Afternoon Inquisition

AI: Remember Remember Carl Sagan was born in November

What up peeps! It’s Saturday! And it’s November 6, which is Carl Sagan’s birthday… and a nice reminder that if I’m going to have that “from scratch” pie ready for Thanksgiving, I have to get bustin’ on creating that universe.

So, let’s keep it simps.

Sagan was a major inspiration to many skeptics, how has he inspired you? Who else has inspired you to do great skepticy things? Do you have a recipe for Cassiopeia? Imma need some of that for my pie.

The Afternoon Inquisition (or AI) is a question posed to you, the Skepchick community. Look for it to appear Tuesdays, Thursdays, Saturdays, and Sundays at 3pm ET.

Elyse

Elyse MoFo Anders is the bad ass behind forming the Women Thinking, inc and the superhero who launched the Hug Me! I'm Vaccinated campaign as well as podcaster emeritus, writer, slacktivist extraordinaire, cancer survivor and sometimes runs marathons for charity. You probably think she's awesome so you follow her on twitter.

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10 Comments

  1. I’ve been catching up on Geek a Week recently and one of the stock questions asks which TV program influenced your geeky upbringing the most. Without a question for me it was Carl Sagan’s _Cosmos_. It was not only about space which I dearly loved, but I admired the way he explained incredibly complicated things.

  2. If you were taking a poll I would vote for “The Demon-Haunted World: Science as a Candle in the Dark.”
    Sagan takes apart all sorts of beliefs, and exposes many of the horrible things that have been done throughout the ages because of them. And it shows science defeating and getting rid of superstitions and other obstacles for human progress.
    Other crucial skeptical books have been for me Richard Dawkins’ “The selfish gene” and Steven Pinker’s “How the Mind Works” and “The Blank Slate: The Modern Denial of Human Nature”. In different ways, as they are more strictly scientific treatises than skeptical/anti-beliefs, but still really important contributions.
    Oh, and Daniel Dennett’s “Darwin’s Dangerous Idea: Evolution and the Meanings of Life”.
    And I’m sorry, but I can’t help you with the recipe…

  3. I am obsessed with the Symphony of Science songs :) I really only vaguely remember the Cosmos series as a kid. I’ve been trying to watch it on Netflix, but I need to stop putting it on at bedtime. His voice is so soothing, it puts me right to sleep!

    Pretty much entire crew of people who worked on Nova when I was a kid are responsible for my geekery.

    Regarding the recipe, I’m not sure exactly how long to cook it, but you can find the ingredients here: http://en.wikipedia.org/wiki/Periodic_table

  4. Growing up in the 50’s and 60’s, I guess I’d have to say my biggest influence was Isaac Asimov, more for his non-fiction than his fiction. Heinlein, too, but I think more because his ‘good guys’ were mostly critical thinkers without being emotionless automatons.

  5. Is it okay if it is not Carl Sagan? Because I would say that Phil Plait and PZ Myers were my major influence when it comes to skepticism. Of course, I have read two of Sagan’s works, and have watched the TV series, and wow, they are really good. I remember The Demon Haunted World and the series of chapters on UFO, and how thoroughly he debunked it. I can see how he was an inspiration to a lot of skeptics.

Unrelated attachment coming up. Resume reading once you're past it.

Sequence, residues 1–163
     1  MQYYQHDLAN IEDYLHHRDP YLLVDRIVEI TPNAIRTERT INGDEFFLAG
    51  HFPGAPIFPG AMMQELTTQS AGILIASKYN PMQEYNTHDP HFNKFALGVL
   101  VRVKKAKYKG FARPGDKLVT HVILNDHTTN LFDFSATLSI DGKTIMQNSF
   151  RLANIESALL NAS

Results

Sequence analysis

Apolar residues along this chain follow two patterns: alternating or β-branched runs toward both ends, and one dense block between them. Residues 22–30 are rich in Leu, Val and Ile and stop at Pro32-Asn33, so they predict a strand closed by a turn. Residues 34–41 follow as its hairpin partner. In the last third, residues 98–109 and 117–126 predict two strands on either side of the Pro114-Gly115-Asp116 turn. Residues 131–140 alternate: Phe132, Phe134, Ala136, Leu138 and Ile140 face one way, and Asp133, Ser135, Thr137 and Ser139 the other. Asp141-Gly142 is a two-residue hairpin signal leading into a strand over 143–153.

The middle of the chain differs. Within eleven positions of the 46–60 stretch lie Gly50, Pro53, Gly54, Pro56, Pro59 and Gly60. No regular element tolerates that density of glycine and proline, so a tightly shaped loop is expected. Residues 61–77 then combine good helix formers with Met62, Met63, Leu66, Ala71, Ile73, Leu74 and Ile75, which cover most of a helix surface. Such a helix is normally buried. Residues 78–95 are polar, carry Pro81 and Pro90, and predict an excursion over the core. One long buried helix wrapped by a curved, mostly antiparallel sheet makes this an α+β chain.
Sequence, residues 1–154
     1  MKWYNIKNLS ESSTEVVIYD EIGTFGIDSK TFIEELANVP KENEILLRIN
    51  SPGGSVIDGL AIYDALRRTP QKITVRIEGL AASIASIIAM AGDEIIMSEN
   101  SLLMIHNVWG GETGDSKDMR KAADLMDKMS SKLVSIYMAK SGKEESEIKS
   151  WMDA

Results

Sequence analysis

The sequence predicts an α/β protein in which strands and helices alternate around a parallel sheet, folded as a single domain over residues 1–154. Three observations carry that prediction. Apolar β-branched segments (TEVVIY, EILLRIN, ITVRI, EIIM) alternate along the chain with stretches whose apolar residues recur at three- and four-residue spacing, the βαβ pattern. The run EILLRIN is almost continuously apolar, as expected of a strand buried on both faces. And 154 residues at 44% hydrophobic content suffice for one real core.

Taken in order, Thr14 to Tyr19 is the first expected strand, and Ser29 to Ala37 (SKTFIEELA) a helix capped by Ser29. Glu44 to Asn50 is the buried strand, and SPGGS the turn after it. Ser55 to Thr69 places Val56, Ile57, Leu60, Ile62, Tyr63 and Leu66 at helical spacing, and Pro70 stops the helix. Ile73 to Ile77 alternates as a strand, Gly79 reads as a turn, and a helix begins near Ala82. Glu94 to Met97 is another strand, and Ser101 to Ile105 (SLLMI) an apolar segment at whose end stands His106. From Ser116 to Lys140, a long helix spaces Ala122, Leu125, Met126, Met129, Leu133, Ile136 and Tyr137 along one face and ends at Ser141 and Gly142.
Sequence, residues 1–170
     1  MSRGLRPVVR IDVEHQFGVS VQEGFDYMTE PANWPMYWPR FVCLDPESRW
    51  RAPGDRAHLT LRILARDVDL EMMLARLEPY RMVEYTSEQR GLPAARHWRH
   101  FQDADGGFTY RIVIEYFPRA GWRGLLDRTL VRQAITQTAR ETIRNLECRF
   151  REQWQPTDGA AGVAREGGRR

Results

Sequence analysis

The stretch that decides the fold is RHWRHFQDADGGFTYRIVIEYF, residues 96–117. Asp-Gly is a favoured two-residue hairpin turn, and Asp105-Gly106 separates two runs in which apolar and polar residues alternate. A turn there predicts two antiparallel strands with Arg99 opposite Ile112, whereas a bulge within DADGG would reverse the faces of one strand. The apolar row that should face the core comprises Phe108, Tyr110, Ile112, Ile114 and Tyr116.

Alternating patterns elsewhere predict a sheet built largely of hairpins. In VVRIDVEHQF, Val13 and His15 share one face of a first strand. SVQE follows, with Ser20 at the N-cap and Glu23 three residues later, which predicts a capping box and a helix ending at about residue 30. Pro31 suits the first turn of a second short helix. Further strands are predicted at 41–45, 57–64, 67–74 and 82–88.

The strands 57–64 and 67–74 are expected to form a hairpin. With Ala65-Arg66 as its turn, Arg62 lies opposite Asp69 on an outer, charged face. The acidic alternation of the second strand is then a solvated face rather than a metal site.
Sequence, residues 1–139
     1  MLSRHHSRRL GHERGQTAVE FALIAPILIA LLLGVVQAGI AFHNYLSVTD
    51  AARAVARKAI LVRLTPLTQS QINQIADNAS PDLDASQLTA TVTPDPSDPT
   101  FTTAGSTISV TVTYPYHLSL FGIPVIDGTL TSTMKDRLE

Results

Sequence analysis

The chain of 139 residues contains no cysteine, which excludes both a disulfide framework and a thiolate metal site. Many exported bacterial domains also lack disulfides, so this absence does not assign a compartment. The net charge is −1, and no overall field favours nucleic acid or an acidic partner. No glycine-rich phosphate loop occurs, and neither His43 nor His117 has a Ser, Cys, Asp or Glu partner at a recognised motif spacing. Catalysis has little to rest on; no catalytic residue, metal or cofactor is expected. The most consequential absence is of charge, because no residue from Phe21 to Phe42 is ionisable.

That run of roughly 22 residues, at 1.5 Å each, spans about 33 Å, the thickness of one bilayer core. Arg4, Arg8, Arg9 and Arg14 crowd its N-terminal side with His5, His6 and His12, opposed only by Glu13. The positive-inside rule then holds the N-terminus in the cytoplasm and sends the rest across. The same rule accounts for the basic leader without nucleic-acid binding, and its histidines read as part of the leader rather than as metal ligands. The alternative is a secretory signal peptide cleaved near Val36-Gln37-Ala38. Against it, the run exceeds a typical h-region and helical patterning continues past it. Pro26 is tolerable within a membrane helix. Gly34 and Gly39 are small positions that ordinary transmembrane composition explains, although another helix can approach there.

6. Sagan was a major inspiration to many skeptics, how has he inspired you?

    Carl Sagan inspired me with wonder and awe during the initial run of Cosmos, and then, many years later, with intellectual excitement and a sense of hope through such works as The Demon-Haunted World, and more recently with The Varieties of Scientific Experience.

    Who else has inspired you to do great skepticy things?

    Well, I’ve not done much in the way of actually doing “great skepticy things”, but Steven Pinker, Christopher Hitchens, Richard Dawkins, and for a while Michael Shermer (though his candle of credibility has diminished drastically with his ongoing faith-based proselytization and propagandizing of Libertarianism), have all played a major role in introducing me to and in teaching me critical thinking and skepticism.

  7. As a kid, definitely Isaac Asimov. As an adult, Kendrick Frazier led me from Science News to the Skeptical Inquirer, long ago, which I’ve read religiously ;-) since 1985. Recently, Phil Plait’s Bad Astronomy web site and blog led me to the online skeptical community which pointed me to my local skeptics group.

    So Sagan was just one of many, though I’ve known of him for as long as I can remember.

    As for dong great skepticy things, that has consisted mostly of reading books, getting drunk at SitP’s and posting snarky/wannabee funny stuff on BA and here, and (very occasionally) attempting to explicate something on BA.

  8. I wrote an entire post on my blog about exactly this!
    http://thegearheadskeptic.wordpress.com/2010/11/06/carl-sagan-day-2010/

    Short version: I saw Cosmos as a young kid and it really connected with me. I read Demon Haunted World in my early 30s and began my learning about what a skeptic is. Sagan fired my imagination as a child, and sharpened my mind as an adult. How do you even begin trying to calculate the impact of that?

    (the long version in my blog post is written much better, I promise!)

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